Saturday, January 3, 2009

When A Price Fall Isn't A Price Fall

Source : The Business Times, January 3, 2009

SISV Services is fixing problem with caveats lodged for some subsale deals.

PRIVATE home prices have fallen but in some cases, the drop may not be as much as suggested by SISV Services' Realink database.

SEEING DOUBLE Savills Singapore has spotted more than 60 instances of 'duplicate caveats' listed at different prices for the same transaction on Realink -- STOCK.XCHNG

Savills Singapore has spotted more than 60 instances of 'duplicate caveats' listed at different prices for the same transaction and which give the impression of a unit changing hands within a span of a few months at a significantly lower price, when in fact it hadn't.

The common thread running through these cases is that they involved subsale deals transacted in the past six months for projects which either received Temporary Occupation Permit in 2008 or are nearing TOP.

For example, Realink shows a caveat for a 47th floor unit at The Sail @ Marina Bay sold in the subsale market in September for $508,024 or $858 psf, when actually the unit was sold for $1.45 million or $2,450 psf and which was caveated three months earlier (and also shown in Realink). The lower price was the price at which the developer first sold the unit back in 2005.

In another instance, Realink shows a caveat for a unit at Park Infinia at Wee Nam in November for $1.16 million or $868 psf, one-third lower than the $1.77 million or $1,325 psf caveat lodged for the same unit two months earlier. Actually, both caveats were lodged by the same buyer, who paid the higher price.

Rodyk & Davidson LLP partner Tang Woon Ee told BT that it was 'good practice' to advise clients who buy in the subsale market to lodge two caveats. The first is when the buyer exercises his subsale option and has to fully pay up the initial 5 per cent deposit; this caveat will reflect the actual transacted price.

Then, two or three months later, when this subsale transaction is completed and the buyer enters into a fresh sale and purchase agreement (SPA) with the developer, the buyer should lodge another caveat to protect his interest in the unit. This fresh SPA will reflect the original price at which the developer sold the unit, since this is the price it is entitled to collect.

'So if the developer originally sold the unit to Buyer 1 for $1 million and Buyer 1 later sells to Buyer 2 in the subsale market for $1.2 million, the fresh SPA issued by the developer to Buyer 2 will still reflect the $1 million price; the profit (or loss) made by Buyer 1 from his subsale transaction is not relevant to the developer,' Ms Tang explained.

As a result, the original sale price of the unit gets reflected in the second caveat lodged by the purchaser in the latest subsale deal. In this instance, two caveats will be lodged by Buyer 2 for the same transaction - the first at $1.2 million followed by another a few months later at $1 million.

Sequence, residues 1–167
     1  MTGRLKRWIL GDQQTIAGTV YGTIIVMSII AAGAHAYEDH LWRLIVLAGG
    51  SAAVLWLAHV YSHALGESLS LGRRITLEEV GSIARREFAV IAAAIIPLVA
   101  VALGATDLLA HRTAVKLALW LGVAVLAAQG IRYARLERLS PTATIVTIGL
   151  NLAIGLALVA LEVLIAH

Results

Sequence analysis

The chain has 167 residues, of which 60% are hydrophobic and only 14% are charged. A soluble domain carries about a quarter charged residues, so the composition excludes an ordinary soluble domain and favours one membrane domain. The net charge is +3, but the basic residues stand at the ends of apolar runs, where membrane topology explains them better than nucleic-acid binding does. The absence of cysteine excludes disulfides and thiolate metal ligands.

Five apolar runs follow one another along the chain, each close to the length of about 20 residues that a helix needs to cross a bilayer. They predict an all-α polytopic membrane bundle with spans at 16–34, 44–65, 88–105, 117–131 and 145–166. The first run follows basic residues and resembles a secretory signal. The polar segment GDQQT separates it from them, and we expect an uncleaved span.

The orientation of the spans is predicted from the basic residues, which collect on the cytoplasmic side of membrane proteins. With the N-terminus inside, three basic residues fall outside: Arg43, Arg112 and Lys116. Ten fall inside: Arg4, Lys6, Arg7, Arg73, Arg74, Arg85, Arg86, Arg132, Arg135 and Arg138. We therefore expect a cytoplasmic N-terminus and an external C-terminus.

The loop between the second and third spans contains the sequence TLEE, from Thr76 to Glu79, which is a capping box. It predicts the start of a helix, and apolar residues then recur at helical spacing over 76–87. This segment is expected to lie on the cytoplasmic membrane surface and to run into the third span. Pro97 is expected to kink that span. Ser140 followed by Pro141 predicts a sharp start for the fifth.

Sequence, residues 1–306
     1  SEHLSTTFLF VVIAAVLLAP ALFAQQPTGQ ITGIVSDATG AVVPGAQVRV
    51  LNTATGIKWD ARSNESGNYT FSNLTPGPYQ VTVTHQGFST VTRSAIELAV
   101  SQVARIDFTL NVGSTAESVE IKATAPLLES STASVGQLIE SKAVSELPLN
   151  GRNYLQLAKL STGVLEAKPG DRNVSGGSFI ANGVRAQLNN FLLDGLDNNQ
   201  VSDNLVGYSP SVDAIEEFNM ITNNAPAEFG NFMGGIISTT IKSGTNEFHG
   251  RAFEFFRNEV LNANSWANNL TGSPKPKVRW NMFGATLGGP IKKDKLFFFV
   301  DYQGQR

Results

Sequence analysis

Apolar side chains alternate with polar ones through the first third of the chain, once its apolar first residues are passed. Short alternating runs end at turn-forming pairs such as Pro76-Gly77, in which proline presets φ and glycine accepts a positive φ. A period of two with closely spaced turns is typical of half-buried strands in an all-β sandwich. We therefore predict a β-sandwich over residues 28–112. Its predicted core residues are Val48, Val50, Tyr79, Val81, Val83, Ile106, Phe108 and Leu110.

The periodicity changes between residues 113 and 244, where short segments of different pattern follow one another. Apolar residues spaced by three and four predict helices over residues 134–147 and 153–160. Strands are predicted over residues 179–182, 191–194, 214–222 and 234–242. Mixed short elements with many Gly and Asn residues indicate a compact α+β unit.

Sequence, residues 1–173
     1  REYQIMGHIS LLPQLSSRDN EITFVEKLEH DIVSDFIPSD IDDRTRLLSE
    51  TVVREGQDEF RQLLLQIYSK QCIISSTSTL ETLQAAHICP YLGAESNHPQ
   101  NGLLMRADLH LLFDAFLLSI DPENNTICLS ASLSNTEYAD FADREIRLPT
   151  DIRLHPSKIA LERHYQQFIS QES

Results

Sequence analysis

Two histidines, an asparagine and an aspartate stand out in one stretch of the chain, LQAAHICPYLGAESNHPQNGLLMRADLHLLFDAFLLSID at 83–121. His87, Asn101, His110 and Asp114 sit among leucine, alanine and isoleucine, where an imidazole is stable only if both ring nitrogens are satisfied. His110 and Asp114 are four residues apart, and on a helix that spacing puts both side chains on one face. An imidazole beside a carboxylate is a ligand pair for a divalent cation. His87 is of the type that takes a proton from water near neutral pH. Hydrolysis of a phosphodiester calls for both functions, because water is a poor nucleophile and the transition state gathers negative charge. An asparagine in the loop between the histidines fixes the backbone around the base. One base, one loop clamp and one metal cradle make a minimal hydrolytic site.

SISV's Realink database, by listing both caveats, gives the impression that the price of the unit has fallen about 17 per cent in the past three months.

Said Ms Tang: 'A caveat is a legal claim against a property. When the developer issues a fresh SPA to a buyer who picked up his unit in the subsale market, it establishes a relationship between the buyer and the developer - that's a caveatable interest.'

SISV Services is in the midst of rectifying the problem, which has been caused by the service provider not eliminating 'duplicate caveats' lodged for subsale transactions which show the original price at which the developer sold the unit a few years ago (and which is listed in the fresh Sale & Purchase Agreement issued by the developer to the latest subsale buyer).

An SISV Services spokesman attributes the problem in Realink to an increase in subsale cases involving projects originally sold on deferred payment schemes (DPS) as the original buyers who may have picked up their units from developers a few years ago are now feeling the pinch from the economic downturn and facing difficulty getting bank loans.

This has led to an increase in subsales being registered and duplicate caveats showing up, according to him.

To fix the problem, SISV Services has added a 'history' button, next to transactions with two or more caveats lodged, for the professional version of Realink. 'Users can view the caveats' history and if they see the latest price is identical to the initial transaction in the primary market say a couple of years ago, they can disregard the latest caveat as being a 'duplicate',' the spokesman said.

'For the free version of Realink available to the public, we are in the process of devising a computer programme to help us identify the duplicates, so we may remove them.

'We didn't remove the duplicate caveats earlier because we could not determine readily that they were 'duplicates' as we do not have the buyers' names in the raw caveats data that we buy from SLA (Singapore Land Authority).'

Savills Singapore compiled a list of over 60 subsale transactions covering projects like The Sail, Cosmopolitan, The Esta, Park Infinia at Wee Nam, The Sea View, The Azure, Watermark, The Calrose and Parc Emily where Realink's database showed latest caveats at significantly lower prices than caveats lodged for the same units just a few months earlier. Typically, the latest caveated price was also the original transacted price for the unit a few years ago.

Savills did individual searches for a few of these cases using Singapore Land Authority's Inlis system and, in each instance, found two caveats being lodged for the property by the same buyer, just a few months apart - and with the second caveat at a lower price than the first.